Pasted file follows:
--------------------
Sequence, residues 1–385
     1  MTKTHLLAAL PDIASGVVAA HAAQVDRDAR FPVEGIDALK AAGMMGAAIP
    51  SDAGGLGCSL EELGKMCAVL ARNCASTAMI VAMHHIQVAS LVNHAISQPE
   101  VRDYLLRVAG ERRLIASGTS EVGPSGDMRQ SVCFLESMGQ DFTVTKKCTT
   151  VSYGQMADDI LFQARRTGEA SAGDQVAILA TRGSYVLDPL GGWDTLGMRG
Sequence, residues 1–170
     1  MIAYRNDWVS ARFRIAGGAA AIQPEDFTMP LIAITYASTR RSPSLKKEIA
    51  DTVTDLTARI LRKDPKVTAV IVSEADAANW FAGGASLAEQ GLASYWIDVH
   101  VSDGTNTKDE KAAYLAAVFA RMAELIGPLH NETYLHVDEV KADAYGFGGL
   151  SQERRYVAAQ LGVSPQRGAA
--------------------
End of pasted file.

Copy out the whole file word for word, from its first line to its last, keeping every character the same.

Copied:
Sequence, residues 1–385
     1  MTKTHLLAAL PDIASGVVAA HAAQVDRDAR FPVEGIDALK AAGMMGAAIP
    51  SDAGGLGCSL EELGKMCAVL ARNCASTAMI VAMHHIQVAS LVNHAISQPE
   101  VRDYLLRVAG ERRLIASGTS EVGPSGDMRQ SVCFLESMGQ DFTVTKKCTT
   151  VSYGQMADDI LFQARRTGEA SAGDQVAILA TRGSYVLDPL GGWDTLGMRG
Sequence, residues 1–170
     1  MIAYRNDWVS ARFRIAGGAA AIQPEDFTMP LIAITYASTR RSPSLKKEIA
    51  DTVTDLTARI LRKDPKVTAV IVSEADAANW FAGGASLAEQ GLASYWIDVH
   101  VSDGTNTKDE KAAYLAAVFA RMAELIGPLH NETYLHVDEV KADAYGFGGL
   151  SQERRYVAAQ LGVSPQRGAA